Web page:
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Life vests? Check

Life vests? Check

Game wardens: Bring safety with you to lake

May 26th, 2018 by Gazette Staff in Texas News

A Texas game warden checks with boaters to ensure they have proper emergency supplies. (Submitted photo)

Texas Parks and Wildlife Department boater education and law enforcement staff are reminding Texans to be safe this Memorial Day weekend and all summer long by following the law and taking basic safety precautions while on the water.

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In 2017, 45 boating fatalities occurred on Texas waters, an increase of more than 28 percent from 2016. Also, marine enforcement officers logged 172 boating accidents and 83 boating-related injuries. While boating fatalities and accidents can be caused by a variety of circumstances, surviving an accident on the water boils down to wearing a life jacket or personal flotation device.

"Wearing a life jacket is the most important strategy boaters can take to stay safe on the water," said Tim Spice, TPWD Boater Education Manager. "The overwhelming majority of boating fatalities are caused by drowning, and most of those drowning victims are recovered without a life jacket."

"It's not enough to just have a life jacket on board—people need to wear it," Spice added. "Accidents on the water can happen too fast to reach and put on a stowed life jacket."

State law requires that a life jacket must be available for each occupant of the boat, and children younger than 13 are required to wear one while the boat or paddle craft is moving. Despite these laws, in Texas last year the number of citations issued for children not wearing a life jacket increased by nearly 12 percent.

"Texas game wardens regularly perform vessel safety checks to ensure boat operators and passengers are following the law," said Cody Jones, TPWD assistant commander for marine enforcement. "Everyone who will be operating a boat, personal water craft or paddle craft this summer should make sure they are in compliance with all vessel safety requirements before hitting the water."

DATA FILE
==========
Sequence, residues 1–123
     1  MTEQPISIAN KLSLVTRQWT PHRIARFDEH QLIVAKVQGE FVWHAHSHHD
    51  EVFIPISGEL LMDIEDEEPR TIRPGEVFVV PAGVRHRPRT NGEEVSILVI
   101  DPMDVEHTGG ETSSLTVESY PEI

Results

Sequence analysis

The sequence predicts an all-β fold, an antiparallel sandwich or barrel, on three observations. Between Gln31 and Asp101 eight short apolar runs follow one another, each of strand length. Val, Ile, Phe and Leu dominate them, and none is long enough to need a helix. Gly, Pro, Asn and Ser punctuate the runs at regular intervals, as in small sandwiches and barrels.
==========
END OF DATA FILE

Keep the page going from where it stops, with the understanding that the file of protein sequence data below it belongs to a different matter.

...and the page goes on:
Law enforcement will also be on alert for those violating boating-under-the-influence laws. Operating a boat with a blood alcohol concentration above 0.08 percent is an offense that can lead to fines, the loss of a driver's license and an increased risk of accidents or fatalities on the water. In 2017, game wardens issued 152 boating-under-the-influence or boating-while-intoxicated citations across the state.

Other boating safety tips to keep in mind include:

  • Take a boating safety course: Paddlers can find a free online safety course on the TPWD website. For larger vessels, anyone born on or after Sept. 1, 1993, must complete a boater education course to operate a personal watercraft or a boat with a 15-horsepower rating or more. Boater education courses are regularly offered in many locations around the state, or boaters can find a selection of online boater courses that can be taken anytime online.
  • Use an ignition safety switch: Most boat and personal watercrafts come equipped by the manufacturer with an emergency engine cut-off switch. This safety device can shut off the engine if the operator falls off the personal watercraft or out of the powerboat or is otherwise thrown from the proper operating position.
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